6. St. Paul, with those who accompanied him, took the road to Athens, where was the most renowned university of Greece; and, when the brethren returned, he sent orders to Silas and Timothy to follow him speedily.
3rdly, While St. Paul waited at Athens for the arrival of his fellow-labourers, we are told,
1. With what grief and indignation he beheld the idolatry of the inhabitants, and what zeal burned in his bosom on seeing their abominations. Unable, therefore, to restrain himself any longer, he entered the synagogue; beginning, as usual, with the Jews and devout proselytes, disputing mildly with them, and answering all their objections against that Messiah whom he preached unto them: and not resting there, he daily talked with those whom he met in the places of public concourse, remonstrating against their absurd idolatry, and seeking to turn them from those stocks and stones which they worshipped, to the service of the living God. Note; When we have Christ's cause at heart, we shall be ready to speak a word for him in all companies, and have his interests constantly uppermost.
2. The philosophers, with whom this seat of Grecian literature abounded, could not silently pass by, unnoticed, this zealous disputant; and therefore some of the Stoics and Epicureans, their two most famed sects, though in opinions utterly opposite, united their forces against him. Some of them with great contempt said, What will this babbler say? prating at this strange rate? Others, with indignation at his attempt to introduce what they thought new deities, said, He seemeth to be a setter forth of strange gods, or foreign demons, because he preached unto them Jesus, and the resurrection.
3. In order to hear at large what he had to say for himself, they brought him to Areopagus, a hill dedicated to Mars, where the supreme court of the judges sat, who determined all matters, civil or religious; and, a number of philosophers being assembled, they said, May we know what this new doctrine, whereof thou speakest, is? For thou bringest certain strange things to our ears: we would know therefore what these things mean. Among all the volumes which crowded their libraries, the writings of Moses and the prophets, probably, were unknown to them: and since their professed research was after truth, they desired to hear a full account of the doctrine which he maintained and inculcated. And, in this matter, curiosity seems to have prompted them more than any real desire of being informed; it being the character of the Athenians in general, that they, and the strangers who resorted thither, spent their time in nothing else, but either to tell or to hear some new thing. Note; It is a miserable abuse of precious time, thus to spend it in gaping after news and novelty; and, instead of real wisdom, can only produce superficial talkativeness.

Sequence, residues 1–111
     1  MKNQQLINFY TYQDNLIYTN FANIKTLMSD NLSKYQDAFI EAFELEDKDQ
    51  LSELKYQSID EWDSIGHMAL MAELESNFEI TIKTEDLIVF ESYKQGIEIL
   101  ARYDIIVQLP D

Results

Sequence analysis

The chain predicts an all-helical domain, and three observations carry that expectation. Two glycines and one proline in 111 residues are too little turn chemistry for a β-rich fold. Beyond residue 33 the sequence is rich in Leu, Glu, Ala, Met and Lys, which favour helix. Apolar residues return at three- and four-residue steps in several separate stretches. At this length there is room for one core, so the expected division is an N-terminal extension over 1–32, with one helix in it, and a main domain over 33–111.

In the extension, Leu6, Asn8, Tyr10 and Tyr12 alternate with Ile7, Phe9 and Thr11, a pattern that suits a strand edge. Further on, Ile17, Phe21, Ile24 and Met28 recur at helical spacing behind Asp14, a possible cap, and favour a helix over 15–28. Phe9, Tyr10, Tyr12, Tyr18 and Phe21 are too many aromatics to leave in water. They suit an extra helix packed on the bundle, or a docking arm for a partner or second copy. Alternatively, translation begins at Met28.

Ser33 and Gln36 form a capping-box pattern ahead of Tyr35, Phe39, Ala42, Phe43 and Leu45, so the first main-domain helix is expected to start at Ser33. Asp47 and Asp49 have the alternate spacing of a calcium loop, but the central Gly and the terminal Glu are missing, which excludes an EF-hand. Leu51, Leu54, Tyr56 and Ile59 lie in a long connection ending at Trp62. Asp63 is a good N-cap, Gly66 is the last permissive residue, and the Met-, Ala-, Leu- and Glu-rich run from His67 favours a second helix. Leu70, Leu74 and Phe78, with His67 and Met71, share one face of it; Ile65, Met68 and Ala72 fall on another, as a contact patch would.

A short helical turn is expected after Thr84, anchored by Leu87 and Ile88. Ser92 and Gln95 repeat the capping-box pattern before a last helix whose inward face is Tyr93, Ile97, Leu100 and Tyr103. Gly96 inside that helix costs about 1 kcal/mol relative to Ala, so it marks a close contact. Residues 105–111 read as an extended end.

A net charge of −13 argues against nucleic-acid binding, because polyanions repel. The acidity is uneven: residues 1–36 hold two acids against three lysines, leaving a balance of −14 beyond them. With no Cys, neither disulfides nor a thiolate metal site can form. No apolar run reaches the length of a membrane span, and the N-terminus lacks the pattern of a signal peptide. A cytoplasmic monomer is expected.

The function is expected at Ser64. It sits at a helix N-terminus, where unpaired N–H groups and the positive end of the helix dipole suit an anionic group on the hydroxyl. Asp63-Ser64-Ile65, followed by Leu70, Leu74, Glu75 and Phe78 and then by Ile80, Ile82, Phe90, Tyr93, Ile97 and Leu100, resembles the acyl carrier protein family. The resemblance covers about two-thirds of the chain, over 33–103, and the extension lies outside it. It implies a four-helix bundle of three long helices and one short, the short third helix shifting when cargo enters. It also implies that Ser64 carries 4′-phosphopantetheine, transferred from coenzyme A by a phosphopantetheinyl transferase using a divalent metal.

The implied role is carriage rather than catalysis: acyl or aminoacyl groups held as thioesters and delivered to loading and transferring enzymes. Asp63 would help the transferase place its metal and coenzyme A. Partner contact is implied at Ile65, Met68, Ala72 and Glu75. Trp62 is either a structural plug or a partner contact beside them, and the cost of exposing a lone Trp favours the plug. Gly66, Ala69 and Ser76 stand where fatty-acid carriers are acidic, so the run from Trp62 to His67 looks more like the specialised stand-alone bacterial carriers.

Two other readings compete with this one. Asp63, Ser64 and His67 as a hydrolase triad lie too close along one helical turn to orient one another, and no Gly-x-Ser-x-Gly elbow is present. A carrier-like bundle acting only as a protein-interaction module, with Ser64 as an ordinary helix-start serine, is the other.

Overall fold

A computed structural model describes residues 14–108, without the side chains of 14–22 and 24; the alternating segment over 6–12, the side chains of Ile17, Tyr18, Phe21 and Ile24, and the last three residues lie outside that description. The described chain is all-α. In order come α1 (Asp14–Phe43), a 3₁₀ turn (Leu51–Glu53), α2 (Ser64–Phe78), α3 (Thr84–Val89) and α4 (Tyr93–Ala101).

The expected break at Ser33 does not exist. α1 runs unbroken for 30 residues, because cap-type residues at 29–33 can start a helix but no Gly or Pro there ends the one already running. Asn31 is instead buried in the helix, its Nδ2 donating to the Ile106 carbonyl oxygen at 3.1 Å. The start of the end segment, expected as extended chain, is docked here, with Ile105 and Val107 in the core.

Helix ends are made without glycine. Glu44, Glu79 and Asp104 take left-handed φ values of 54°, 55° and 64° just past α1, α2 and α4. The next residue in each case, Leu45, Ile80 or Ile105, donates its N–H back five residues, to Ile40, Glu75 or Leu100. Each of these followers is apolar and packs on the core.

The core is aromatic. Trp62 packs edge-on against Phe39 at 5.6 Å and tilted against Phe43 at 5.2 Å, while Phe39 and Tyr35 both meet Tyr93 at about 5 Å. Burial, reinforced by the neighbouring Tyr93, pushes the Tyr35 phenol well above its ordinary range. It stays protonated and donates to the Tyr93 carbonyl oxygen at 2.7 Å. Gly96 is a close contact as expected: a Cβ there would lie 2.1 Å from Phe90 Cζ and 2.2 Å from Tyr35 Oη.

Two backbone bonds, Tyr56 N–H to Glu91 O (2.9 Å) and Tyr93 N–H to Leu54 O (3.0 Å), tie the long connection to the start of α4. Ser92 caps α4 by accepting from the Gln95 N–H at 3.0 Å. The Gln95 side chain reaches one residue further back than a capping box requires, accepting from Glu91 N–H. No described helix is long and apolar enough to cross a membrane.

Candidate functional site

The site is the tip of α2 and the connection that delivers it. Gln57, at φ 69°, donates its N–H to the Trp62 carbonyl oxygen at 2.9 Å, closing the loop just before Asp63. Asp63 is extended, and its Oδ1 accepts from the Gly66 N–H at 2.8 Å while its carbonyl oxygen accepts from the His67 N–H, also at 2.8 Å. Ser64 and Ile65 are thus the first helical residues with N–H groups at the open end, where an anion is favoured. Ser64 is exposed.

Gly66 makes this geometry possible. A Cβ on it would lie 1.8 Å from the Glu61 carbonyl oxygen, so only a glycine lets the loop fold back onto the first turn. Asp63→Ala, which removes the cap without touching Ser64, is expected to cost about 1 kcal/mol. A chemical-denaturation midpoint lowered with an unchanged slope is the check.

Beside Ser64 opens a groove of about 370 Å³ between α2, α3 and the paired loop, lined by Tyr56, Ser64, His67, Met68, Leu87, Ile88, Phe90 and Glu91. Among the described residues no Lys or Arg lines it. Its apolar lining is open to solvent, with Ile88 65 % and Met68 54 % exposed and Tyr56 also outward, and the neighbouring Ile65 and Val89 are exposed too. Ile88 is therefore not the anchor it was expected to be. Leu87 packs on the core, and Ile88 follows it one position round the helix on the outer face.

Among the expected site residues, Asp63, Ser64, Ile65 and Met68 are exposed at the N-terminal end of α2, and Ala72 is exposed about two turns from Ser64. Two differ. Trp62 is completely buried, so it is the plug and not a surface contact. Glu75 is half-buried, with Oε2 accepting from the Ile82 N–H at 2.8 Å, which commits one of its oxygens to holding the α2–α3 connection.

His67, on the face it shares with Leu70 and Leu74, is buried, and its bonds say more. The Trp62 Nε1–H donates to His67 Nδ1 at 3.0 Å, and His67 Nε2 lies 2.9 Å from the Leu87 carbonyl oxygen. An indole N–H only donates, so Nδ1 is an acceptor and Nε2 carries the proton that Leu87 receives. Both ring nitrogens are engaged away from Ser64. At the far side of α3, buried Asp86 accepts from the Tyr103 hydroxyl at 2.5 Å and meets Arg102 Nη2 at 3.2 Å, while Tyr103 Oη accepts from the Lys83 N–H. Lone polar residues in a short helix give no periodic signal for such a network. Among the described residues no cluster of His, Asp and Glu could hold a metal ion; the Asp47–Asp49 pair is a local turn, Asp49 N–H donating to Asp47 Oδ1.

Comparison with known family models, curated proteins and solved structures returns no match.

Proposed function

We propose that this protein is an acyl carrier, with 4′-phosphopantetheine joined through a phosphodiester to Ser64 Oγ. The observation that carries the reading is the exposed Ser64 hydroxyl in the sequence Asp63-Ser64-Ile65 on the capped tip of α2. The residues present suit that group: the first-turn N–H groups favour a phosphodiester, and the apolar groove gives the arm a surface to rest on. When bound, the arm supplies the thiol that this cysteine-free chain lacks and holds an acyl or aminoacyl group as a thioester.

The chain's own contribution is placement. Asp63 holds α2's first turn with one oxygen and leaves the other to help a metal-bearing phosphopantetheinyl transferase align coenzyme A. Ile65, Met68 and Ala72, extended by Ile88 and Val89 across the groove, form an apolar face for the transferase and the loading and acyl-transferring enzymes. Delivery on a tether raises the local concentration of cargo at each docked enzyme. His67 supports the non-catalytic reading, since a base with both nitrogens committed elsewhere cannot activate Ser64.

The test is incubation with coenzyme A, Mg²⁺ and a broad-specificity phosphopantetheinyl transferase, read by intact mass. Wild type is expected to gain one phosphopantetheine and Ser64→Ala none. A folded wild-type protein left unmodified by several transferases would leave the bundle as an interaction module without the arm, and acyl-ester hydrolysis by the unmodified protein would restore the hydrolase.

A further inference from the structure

4thly, Never was discourse more admirably suited to the auditory, than this of St. Paul's. Having now to do, not with Jews who admitted revelation, but with idolatrous philosophers, who, amid their innumerable deities, were without God in the world, the apostle sets himself to lead them to the knowledge of him, whom they ignorantly worshipped.
1. In the midst of a numerous audience of senators, philosophers, and others, who desired to hear what he had to say, he begins with a general remark, which he had made during his abode among them; Ye men of Athens, I perceive that in all things ye are too superstitious, more addicted to the worship of gods, or demons, than other people; which he mentions, not perhaps with a view immediately to upbraid them with it as their crime, but to engage their attention to his discourse, as persons of more than ordinary professed devotion.
2. He informs them, that he had particularly observed on one of their altars this inscription, TO THE UNKNOWN GOD, which, though a confession of their ignorance, intimated a desire to know and worship him; and many have thought that this altar was dedicated to the God of Israel, whose name Jehovah, the Jews never pronounced.
3. He tells them that this God whom they ignorantly worshipped, him declared he unto them; not as a setter forth of strange gods, to add to their number other deities, nor of new gods; but to bring them to the knowledge of him, who was the only living and true God, and to direct them how he was acceptably to be served; whom they with blind devotion adored, though unknown. So prudently and persuasively does he introduce and urge the glorious truths he had to deliver, even from the idolatry which he condemned.